We have already forgotten that only last year we had the most draconian piece of terrorism legislation in UK history. And that political activists of all kinds were corralled in a catch-all definition of 'terrorism', which according to Louis J Freeh, director of the FBI, includes Reclaim the Streets and Carnival Against Capitalism. But now, apparently, there's room for more. Also last year we had the heavily draconian Regulation of Investigatory Powers Act which allows the intelligence services to put a black box in the central servers of every Internet Service Provider in order to monitor our e-mails and web use at will. Now apparently that was not strict enough and more legislation is on the way.

Public opposition to these manoeuvres, already weakened by relentless media coverage of the pain and tears in the US, is eroded further by a hysterical panic over the potential for biological weapons and nuclear terrorism. More than one TV news has discussed whether we should all be buying gas masks. And yet these threats were always there. It is one of the reasons why a global agreement on preventing further development of biological weaponry was on the world's negotiating table. The US was the only major western power which refused to sign it. In the same way it had refused to sign the Kyoto agreement on climate change, or to ratify the international agreement preventing further development of nuclear weaponry.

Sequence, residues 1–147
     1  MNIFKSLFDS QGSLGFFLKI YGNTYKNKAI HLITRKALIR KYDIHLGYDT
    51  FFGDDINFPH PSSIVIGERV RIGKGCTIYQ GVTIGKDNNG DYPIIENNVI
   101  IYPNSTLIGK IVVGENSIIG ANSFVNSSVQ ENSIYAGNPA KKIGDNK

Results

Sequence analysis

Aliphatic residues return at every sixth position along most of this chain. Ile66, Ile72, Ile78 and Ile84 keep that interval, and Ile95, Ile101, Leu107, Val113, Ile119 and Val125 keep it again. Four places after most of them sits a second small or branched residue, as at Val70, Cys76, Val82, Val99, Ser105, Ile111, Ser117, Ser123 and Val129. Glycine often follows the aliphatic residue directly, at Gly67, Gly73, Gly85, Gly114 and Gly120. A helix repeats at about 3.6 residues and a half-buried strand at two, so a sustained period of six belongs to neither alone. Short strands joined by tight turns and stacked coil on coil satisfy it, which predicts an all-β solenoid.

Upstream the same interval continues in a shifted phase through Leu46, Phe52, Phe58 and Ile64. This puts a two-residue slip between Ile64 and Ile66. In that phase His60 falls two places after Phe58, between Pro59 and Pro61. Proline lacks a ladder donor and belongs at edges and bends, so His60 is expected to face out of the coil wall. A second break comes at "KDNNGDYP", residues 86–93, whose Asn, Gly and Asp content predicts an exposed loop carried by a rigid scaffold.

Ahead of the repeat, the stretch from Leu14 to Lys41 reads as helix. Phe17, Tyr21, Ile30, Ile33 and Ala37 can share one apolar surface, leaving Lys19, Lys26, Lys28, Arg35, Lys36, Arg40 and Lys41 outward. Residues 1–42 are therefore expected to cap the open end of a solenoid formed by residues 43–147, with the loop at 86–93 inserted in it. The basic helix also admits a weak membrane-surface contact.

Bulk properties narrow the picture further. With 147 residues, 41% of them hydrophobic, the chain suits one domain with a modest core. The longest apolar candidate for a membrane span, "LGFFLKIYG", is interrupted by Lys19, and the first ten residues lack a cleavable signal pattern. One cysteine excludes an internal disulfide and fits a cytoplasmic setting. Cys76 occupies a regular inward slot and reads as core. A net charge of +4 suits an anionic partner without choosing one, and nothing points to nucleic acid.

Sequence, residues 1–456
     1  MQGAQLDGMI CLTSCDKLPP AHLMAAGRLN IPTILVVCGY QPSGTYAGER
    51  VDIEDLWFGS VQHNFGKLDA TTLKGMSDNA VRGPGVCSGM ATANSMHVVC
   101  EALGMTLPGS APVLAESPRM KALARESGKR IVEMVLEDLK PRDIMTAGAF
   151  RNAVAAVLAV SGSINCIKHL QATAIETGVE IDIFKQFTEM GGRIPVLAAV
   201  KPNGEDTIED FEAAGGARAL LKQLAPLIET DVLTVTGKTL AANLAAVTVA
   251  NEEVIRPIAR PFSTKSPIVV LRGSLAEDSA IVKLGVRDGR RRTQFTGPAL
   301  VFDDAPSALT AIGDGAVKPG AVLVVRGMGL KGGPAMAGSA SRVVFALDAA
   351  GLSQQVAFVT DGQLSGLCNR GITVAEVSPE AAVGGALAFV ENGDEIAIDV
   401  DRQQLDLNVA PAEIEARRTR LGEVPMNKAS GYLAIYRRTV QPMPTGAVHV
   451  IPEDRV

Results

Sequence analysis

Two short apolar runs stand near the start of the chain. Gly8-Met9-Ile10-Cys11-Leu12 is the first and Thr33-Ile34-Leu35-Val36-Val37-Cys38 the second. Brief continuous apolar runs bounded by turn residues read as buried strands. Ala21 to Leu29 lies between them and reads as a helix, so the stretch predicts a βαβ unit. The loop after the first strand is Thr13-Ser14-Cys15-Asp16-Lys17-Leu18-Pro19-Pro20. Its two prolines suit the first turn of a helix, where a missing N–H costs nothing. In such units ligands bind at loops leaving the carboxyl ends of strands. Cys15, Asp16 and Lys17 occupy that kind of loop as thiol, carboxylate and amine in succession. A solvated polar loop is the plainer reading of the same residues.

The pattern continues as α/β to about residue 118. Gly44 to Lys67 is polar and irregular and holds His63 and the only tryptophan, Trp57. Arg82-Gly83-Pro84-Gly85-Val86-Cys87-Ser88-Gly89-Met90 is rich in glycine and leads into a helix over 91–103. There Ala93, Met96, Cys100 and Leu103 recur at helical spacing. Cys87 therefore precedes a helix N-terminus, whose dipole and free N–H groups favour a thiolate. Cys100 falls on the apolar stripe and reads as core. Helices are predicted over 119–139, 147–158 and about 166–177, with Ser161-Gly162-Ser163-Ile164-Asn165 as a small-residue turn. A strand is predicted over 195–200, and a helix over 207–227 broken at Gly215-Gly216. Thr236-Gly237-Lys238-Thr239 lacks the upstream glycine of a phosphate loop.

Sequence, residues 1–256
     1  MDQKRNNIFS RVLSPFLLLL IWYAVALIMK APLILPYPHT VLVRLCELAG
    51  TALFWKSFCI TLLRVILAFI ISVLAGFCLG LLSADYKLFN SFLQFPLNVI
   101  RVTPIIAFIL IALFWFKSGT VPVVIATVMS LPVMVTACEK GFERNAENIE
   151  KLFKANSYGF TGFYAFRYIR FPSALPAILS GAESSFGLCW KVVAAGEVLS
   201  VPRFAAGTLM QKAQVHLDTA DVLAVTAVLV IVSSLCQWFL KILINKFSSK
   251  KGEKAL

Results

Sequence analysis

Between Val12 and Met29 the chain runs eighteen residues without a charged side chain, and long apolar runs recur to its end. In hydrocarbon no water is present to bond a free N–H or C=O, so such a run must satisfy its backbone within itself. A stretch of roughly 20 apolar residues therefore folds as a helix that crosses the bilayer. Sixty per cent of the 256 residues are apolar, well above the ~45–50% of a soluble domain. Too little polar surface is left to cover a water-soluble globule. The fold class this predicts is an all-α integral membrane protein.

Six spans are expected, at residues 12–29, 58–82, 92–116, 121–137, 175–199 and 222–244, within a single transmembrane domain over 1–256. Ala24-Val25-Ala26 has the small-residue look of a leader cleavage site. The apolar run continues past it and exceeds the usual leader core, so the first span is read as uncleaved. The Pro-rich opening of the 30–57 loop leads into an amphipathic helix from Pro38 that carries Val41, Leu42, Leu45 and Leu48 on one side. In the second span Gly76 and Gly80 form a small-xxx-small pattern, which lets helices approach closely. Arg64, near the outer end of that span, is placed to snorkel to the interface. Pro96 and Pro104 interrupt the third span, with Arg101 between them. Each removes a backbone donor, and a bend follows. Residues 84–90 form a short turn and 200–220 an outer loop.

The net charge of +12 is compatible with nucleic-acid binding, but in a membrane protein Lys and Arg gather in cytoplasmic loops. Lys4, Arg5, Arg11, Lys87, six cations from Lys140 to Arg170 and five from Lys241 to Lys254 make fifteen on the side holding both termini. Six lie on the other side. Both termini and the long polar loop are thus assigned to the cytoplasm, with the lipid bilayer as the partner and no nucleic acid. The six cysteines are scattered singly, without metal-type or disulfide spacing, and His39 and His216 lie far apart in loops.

It is sobering to remind ourselves that the terrorists who attacked the Pentagon and the World Trade Centre did so in a relatively focused way. If their intention had been to create mass wanton cataclysm, they would have dropped those passenger planes on the numerous radioactive waste dumps in the US. We'd have a different story on our hands were it so. And whilst international agreements on global warming and nuclear and biological proliferation languish without US support, George W Bush's Nuclear Missile Defence (NMD) programme - designed to protect just the US - has suddenly received the unconditional support of Tony Blair. Some of the bases required to operate the NMD system will be sited in the UK, inevitably rendering this country a target. Despite this, all attempts by members of the Labour Party to have NMD debated at this year's party conference (twenty motions were submitted) were scuppered when the issue was struck off the agenda as not of high enough priority. Megalomania is evidently contagious.

It is more than ironic that the biggest corporate beneficiary of the NMD will be Boeing, a corporation which has used the terrorist attacks on the US to excuse a massive downsizing programme. Did Boeing really lay off 30,000 staff within days of the terrorist attacks on the US BECAUSE of the terrorist attacks on the US? They'd obviously already done their homework as to who was expendable in order to be able to restructure on such massive scale. Likewise British Airways who announced 7000 immediate redundancies, again blamed on the terrorist attacks.